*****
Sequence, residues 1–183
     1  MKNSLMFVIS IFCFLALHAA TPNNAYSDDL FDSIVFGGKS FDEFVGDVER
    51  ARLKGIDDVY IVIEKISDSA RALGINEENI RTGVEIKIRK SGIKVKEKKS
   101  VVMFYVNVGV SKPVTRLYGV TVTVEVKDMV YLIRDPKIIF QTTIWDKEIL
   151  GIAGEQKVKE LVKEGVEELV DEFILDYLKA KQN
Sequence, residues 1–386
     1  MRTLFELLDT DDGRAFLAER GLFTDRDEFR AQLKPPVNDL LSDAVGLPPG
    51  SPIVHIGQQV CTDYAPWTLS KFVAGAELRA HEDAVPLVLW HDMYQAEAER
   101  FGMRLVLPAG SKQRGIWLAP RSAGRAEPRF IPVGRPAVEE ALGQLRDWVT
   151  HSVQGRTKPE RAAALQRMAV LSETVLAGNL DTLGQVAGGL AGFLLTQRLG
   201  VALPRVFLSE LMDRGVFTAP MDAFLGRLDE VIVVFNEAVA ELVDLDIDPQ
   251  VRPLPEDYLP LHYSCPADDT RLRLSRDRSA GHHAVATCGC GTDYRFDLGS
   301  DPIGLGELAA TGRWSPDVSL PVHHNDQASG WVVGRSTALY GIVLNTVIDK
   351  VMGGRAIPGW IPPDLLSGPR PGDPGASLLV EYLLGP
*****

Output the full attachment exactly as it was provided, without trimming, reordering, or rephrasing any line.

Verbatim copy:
Sequence, residues 1–183
     1  MKNSLMFVIS IFCFLALHAA TPNNAYSDDL FDSIVFGGKS FDEFVGDVER
    51  ARLKGIDDVY IVIEKISDSA RALGINEENI RTGVEIKIRK SGIKVKEKKS
   101  VVMFYVNVGV SKPVTRLYGV TVTVEVKDMV YLIRDPKIIF QTTIWDKEIL
   151  GIAGEQKVKE LVKEGVEELV DEFILDYLKA KQN
Sequence, residues 1–386
     1  MRTLFELLDT DDGRAFLAER GLFTDRDEFR AQLKPPVNDL LSDAVGLPPG
    51  SPIVHIGQQV CTDYAPWTLS KFVAGAELRA HEDAVPLVLW HDMYQAEAER
   101  FGMRLVLPAG SKQRGIWLAP RSAGRAEPRF IPVGRPAVEE ALGQLRDWVT
   151  HSVQGRTKPE RAAALQRMAV LSETVLAGNL DTLGQVAGGL AGFLLTQRLG
   201  VALPRVFLSE LMDRGVFTAP MDAFLGRLDE VIVVFNEAVA ELVDLDIDPQ
   251  VRPLPEDYLP LHYSCPADDT RLRLSRDRSA GHHAVATCGC GTDYRFDLGS
   301  DPIGLGELAA TGRWSPDVSL PVHHNDQASG WVVGRSTALY GIVLNTVIDK
   351  VMGGRAIPGW IPPDLLSGPR PGDPGASLLV EYLLGP